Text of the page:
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Wednesday, September 28, 2016

The blockbuster sequel to one of 2008’s most successful movies is about to collide with the blockbuster sequel to one of 2008’s least successful presidential campaigns.

Christopher Nolan’s “The Dark Knight Rises,” the final movie in his Batman trilogy, will hit theaters on July 19th — right in the middle of the presidential campaign — and if Mitt Romney wins the Republican nomination as expected, he will likely be dogged by some uncomfortable comparisons between his business record and Nolan’s movie.

For starters, the villain of “The Dark Knight Rises” is named “Bane,” while the private equity firm that Romney founded is named “Bain.” They are pronounced the same way. Given the fact that some opening night screenings of Nolan’s movie are already sold out, one can expect a lot of pop culture buzz about an evil Bane — precisely what Romney doesn’t need after months of being slammed for “vulture capitalism” during his time at Bain Capital.

Tom Hardy, the actor who portrays Bane, describes his character as “Brutal. He’s a big dude who’s incredibly clinical, in the fact that he has a result-based and oriented fighting style.” Replace “dude” with “firm” and “fighting style” with “business strategy,” and Hardy could’ve easily been describing Bain.

The similarities don’t end there; the trailer for “The Dark Knight Rises,” which was partially filmed just blocks away from Zuccotti Park, is full of Occupy Wall Street themes.

The preview depicts police and military battling on the steps of a City Hall-like building, and angry rioters smashing valuables in a mansion. At one point the character Selina Kyle (played by Anne Hathaway) whispers to Batman’s billionaire alter-ego Bruce Wayne (played by Christian Bale), “Do you think this can last? There’s a storm coming Mr. Wayne. And you and your friends better batten down the hatches, because when it hits, you’re all going to wonder how you could live so large and leave so little for the rest of us.”

If the movie featured a scene where someone directs Bruce Wayne to cut the “pious baloney,” as Newt Gingrich dubbed Mitt Romney’s protestations that he wasn’t a politician, it could practically be renamed “When Bruce Wayne Came To Town.”

Given that Bane was announced as the new Batman villain four months before Romney officially announced his presidential candidacy, it’s highly unlikely that Nolan was intentionally attempting to take a shot at Romney. Still, the parallel between Romney’s campaign and “The Dark Knight Rises” will be a fun subplot to watch during the summer dog days of the presidential race.

 

  • Common Sense Patriot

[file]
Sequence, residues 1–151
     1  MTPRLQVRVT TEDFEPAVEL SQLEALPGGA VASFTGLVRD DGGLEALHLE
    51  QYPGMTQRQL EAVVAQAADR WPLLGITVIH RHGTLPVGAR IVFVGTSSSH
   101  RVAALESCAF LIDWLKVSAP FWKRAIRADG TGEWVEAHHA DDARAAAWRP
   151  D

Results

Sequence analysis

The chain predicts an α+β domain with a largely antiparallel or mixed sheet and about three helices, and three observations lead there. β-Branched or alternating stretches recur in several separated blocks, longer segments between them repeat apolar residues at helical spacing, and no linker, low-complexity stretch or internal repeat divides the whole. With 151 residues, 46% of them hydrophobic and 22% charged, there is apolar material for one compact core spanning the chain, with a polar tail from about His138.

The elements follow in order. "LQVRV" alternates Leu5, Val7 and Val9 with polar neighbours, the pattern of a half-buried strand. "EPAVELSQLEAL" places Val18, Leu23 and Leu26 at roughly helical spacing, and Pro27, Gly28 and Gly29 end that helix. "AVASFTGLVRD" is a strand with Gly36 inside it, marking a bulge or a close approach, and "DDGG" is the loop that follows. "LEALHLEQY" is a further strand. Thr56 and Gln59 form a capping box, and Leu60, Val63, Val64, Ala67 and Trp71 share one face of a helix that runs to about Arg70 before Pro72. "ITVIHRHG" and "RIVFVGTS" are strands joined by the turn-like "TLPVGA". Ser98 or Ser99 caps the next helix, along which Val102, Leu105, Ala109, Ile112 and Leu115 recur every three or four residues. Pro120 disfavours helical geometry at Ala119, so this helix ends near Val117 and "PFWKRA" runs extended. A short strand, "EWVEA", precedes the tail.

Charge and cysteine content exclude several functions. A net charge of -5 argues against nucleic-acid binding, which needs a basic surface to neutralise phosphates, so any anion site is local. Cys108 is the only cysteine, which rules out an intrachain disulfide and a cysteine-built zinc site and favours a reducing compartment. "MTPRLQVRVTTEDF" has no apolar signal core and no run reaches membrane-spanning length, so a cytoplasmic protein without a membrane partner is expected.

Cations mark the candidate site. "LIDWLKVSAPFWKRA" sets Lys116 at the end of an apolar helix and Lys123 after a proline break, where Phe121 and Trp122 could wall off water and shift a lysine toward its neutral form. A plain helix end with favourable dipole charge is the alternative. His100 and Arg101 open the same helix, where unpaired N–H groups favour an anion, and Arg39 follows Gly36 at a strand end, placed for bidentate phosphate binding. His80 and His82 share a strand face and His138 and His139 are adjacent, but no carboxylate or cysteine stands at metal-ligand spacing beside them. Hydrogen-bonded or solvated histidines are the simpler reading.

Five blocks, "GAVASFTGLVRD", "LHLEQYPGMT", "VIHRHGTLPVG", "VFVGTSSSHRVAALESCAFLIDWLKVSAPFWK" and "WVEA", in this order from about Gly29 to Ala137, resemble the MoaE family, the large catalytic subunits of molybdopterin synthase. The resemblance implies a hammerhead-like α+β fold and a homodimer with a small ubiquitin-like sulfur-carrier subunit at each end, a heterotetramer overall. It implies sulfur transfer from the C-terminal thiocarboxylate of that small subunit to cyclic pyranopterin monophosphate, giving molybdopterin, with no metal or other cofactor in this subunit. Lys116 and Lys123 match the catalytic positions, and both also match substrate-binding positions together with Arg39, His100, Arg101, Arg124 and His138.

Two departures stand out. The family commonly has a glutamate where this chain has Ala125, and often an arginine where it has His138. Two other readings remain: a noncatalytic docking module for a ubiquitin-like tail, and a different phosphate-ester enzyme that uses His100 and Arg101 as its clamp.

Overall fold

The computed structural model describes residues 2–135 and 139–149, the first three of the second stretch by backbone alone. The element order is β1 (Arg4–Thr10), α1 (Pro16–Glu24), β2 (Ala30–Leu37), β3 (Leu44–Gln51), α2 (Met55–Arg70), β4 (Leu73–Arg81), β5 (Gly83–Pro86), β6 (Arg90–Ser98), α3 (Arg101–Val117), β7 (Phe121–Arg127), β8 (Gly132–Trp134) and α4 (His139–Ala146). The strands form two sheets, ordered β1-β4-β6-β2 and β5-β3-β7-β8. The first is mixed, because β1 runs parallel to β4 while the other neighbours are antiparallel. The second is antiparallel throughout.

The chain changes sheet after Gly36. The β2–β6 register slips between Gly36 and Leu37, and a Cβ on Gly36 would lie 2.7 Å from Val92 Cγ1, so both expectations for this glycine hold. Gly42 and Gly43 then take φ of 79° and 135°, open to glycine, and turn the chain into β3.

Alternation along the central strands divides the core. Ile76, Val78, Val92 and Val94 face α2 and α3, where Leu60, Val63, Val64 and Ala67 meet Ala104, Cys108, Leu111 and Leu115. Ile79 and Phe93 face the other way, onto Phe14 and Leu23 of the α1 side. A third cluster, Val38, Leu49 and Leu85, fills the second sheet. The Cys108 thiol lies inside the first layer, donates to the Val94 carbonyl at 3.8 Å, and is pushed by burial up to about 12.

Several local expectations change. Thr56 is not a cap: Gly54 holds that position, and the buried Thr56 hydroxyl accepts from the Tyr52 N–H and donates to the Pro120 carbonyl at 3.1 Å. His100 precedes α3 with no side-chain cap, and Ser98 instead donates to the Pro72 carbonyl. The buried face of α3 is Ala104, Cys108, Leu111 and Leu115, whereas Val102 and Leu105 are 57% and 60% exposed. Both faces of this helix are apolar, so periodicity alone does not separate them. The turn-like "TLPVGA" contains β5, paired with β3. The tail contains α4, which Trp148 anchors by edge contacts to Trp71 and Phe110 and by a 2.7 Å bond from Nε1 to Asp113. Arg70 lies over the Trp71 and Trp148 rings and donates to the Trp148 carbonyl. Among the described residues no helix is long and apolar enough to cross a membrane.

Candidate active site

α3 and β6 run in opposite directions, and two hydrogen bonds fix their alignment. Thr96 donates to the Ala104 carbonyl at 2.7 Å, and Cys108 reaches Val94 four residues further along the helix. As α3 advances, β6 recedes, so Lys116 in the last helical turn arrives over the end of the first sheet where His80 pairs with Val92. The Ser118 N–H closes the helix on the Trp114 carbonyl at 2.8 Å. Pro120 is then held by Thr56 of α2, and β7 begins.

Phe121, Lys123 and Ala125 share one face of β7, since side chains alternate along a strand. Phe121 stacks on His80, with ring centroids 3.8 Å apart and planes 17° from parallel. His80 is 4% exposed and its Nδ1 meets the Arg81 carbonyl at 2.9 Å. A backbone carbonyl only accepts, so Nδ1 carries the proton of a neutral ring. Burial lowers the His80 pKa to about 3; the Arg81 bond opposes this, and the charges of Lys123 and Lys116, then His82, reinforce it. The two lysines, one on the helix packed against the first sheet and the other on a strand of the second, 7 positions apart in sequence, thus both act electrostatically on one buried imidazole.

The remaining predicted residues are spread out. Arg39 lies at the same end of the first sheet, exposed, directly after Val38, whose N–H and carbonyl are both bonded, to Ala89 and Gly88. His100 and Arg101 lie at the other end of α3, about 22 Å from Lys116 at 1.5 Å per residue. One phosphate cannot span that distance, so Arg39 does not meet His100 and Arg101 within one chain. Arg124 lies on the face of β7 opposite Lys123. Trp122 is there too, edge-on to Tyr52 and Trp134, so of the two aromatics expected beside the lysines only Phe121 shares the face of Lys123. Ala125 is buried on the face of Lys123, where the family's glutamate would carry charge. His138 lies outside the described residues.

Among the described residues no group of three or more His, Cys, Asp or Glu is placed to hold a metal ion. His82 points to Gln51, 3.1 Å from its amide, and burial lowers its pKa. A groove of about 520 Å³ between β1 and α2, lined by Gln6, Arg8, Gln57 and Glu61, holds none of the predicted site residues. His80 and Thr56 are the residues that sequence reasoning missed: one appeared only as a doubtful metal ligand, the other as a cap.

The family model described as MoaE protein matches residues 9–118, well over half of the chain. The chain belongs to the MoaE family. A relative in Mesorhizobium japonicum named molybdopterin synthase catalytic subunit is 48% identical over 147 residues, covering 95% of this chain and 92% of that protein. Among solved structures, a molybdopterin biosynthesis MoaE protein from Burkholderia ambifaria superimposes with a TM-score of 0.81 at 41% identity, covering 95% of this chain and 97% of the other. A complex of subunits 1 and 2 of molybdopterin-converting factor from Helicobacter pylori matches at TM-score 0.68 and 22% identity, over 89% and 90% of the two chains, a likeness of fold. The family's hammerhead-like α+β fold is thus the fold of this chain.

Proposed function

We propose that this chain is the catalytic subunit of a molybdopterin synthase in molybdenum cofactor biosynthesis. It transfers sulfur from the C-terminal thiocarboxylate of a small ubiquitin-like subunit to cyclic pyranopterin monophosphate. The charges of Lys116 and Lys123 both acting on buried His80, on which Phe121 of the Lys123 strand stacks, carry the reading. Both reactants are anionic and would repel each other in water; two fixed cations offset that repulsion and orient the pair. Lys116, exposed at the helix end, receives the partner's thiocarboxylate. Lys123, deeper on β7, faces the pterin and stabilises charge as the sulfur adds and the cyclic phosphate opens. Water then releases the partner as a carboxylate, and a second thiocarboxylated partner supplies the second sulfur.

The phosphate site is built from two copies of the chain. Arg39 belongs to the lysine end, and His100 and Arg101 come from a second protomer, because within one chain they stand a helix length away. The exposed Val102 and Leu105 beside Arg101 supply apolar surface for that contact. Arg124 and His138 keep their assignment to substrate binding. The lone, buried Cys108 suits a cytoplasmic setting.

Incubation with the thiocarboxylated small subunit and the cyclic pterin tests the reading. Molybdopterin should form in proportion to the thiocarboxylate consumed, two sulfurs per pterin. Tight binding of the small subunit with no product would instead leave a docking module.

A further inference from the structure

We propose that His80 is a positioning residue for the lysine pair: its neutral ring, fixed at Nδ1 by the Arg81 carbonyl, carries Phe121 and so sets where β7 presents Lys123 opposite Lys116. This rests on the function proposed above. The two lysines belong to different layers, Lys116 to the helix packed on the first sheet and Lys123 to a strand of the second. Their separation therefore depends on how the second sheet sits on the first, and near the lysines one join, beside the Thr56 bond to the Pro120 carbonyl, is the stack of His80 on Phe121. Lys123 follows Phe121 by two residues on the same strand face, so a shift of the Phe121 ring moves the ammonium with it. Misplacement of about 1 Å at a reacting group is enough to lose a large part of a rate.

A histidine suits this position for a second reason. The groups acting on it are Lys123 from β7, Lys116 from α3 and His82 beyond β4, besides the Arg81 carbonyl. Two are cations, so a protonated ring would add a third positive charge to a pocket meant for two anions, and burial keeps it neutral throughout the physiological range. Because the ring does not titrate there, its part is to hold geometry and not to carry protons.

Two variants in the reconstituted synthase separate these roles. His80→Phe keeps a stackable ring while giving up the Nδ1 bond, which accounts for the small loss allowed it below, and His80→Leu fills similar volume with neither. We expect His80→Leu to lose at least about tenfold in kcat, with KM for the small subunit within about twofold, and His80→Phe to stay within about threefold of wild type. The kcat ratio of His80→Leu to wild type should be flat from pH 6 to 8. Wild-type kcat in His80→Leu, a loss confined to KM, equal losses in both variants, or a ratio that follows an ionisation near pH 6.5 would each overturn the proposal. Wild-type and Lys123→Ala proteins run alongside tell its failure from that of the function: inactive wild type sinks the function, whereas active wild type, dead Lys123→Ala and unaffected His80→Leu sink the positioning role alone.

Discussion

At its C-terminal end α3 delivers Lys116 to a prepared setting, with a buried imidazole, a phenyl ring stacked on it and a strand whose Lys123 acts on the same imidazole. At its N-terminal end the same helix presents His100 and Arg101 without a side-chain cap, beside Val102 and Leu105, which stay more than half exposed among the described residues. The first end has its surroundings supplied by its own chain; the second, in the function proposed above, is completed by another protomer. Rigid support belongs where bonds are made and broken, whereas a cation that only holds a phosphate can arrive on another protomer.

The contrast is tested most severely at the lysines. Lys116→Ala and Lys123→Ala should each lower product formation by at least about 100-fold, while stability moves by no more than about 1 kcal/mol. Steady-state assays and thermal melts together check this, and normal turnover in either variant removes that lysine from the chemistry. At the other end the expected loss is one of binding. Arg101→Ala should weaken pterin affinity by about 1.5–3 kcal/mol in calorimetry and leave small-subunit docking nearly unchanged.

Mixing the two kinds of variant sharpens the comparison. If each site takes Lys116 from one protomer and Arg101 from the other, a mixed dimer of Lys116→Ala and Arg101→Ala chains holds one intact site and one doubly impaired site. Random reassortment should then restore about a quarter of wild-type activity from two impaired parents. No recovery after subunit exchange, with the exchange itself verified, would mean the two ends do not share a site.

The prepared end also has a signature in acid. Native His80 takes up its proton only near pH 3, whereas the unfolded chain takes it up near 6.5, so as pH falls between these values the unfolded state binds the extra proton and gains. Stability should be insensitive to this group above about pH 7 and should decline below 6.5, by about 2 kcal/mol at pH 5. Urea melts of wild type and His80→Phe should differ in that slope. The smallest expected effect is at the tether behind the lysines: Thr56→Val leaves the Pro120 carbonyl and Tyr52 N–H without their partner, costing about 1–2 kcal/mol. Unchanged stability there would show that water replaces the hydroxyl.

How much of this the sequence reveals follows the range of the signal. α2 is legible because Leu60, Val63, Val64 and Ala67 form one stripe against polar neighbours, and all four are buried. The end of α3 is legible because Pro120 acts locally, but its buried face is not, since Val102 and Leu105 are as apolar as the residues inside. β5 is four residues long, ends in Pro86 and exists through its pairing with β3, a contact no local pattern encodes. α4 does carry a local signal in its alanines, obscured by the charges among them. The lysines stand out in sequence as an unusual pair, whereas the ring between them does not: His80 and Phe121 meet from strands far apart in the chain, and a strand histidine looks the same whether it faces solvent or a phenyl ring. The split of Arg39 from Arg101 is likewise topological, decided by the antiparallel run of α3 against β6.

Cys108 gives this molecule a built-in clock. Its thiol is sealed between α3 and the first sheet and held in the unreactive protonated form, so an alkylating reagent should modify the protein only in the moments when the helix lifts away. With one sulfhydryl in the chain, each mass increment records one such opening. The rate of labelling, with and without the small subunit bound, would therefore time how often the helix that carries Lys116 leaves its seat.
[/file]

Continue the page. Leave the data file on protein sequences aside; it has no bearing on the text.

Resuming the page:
This article is a cheap shot, draped in entertainment populism. I spent a great deal of the past 40 years as a management consultant, fixing problems of companies losing money or going bankrupt. The fact is, when they are spending more money than they have coming in, they are going to go bust. In almsot every case, I found that staffing costs were one of the major reasons for the company’s problems. Instead of facing problems squarely and making the hard decisions, management will time and time again no fire poor performers and will not change processes that are inefficient and ineffective. In some cases, unions add to the problem by focusing solely on how much money they can get and how many benefits they can get from the company, rather than on the real benefit to their employeee – helping the company make money, expand, and create more jobs. In the case of Bain Capital, most fo the companies they bought would have gone broke anyway and everyone would have been out of a job. I’m not a big fan of Romney, nor of the 1% of Americans that control 50% of the wealth, including control of most companies and therefore most jobs. I think they are selfish, greedy, and ruthless. I think they ignore their public responsibilities they owe because they are given special status as a corporation, which brings with it a host of benefits granted by law, without which they would not be able to make the money they do. So, they owe something to the public, i.e., their employees and their country, to pay emplyees well and look after their economic interest. They should share the wealth. But that doesn’t mean they have to put up with lazy or incompetent employees, or even good ones who are not needed. And here’s a secret – most executives don’t have a clue as to what the real problems are or how to solve them. That’s why they hired me. But allI usually did was talk to the employees, who almsot always knew what the problems were and how to fix them, including who was productive and who was not – not just among non-management workers but among management and executives, too. I’d just take their ideas, add some of my expertise, and write up recommendations that management was prone to praise as being brilliant. In fact, they could have had most of those solution for free if they had just listened to their employees. But back to Bain and Romney. To make a company profitable, you have to keep employee costs under control, because it’s usually one of the largest costs a company has. If they are working efficiently and effectively, then fine – they deserve the money they are making. But if there are too many of them or they are doing things poorly, or management has them organzied wrong, then there is no choice but to cut staff and reorganzie both staff and processes. I did it and turned around many companies. I don’t like seeing employees lose their jobs, and I tried always to find a way to keep as many as possible by showing them how to measure productivity and increase it, how to eliminate inefficiencies and unneeded processes. That was in the long term interest of the employees, who got to keep good paying jobs. Romney took the usual executive look and outsourced jobs or just cut staff, when the way I worked was much better. Still, in the end, had he and Bain Capitol not done what they did, it would have made no difference – the company would have failed anyway and everyone would have lost their jobs. Capitalism works and free enterprise works – but part of that is the most efficient and effective companies survive and the others do not. There are better answers – hiring a knowledgeable management consultant that can help improve things and lay off only a portion of employees. Working with the union to improve how the company is run instead of just trying to pad employee salaries and benefits. (In the ususal case, unions work against their own member’s interests.) They don’t have to be that way. They can be an effective force for good and give the employees a say so in how the company is run. But those type of unions are few and far between. In the end, what Romney and Bain Capital did was not evil like some comic book or movie character. They just did what was necessary to save the companies or to dismantle them and salvage something from the mess. Oh, yes, and one of the big things that usually needs to be done is cut drastically the incomes of top executives, hwo are vastly overpaid. I worked with top executives, including CEOs and Chairmen of the Board. What I found is that they are not all that smart. They are often out of touch with how the company really works and don’t have a clue about how to fix the problems, so the resort to the easy way out by slashing employees and outsourcing jobs. One problem is their huge incentives to increase the value of their stock options, sell off and take the money and run. Executive compensation needs to be drastically changed. Stock options, while they sounded like a good idea, are just one way to make it easy for them to enrich themselves while ignoring what’s best for the company. But in the end, failing companies are going to go belly up and someone coming in and scooping them up and making drastic changes, including laying off employees or outsourcing jobs, is neither immoral nor evil. There is a better way, but let’s not blame Romney and men like him for the failures of others who put the companies in the positions they were in long before they came on the scene.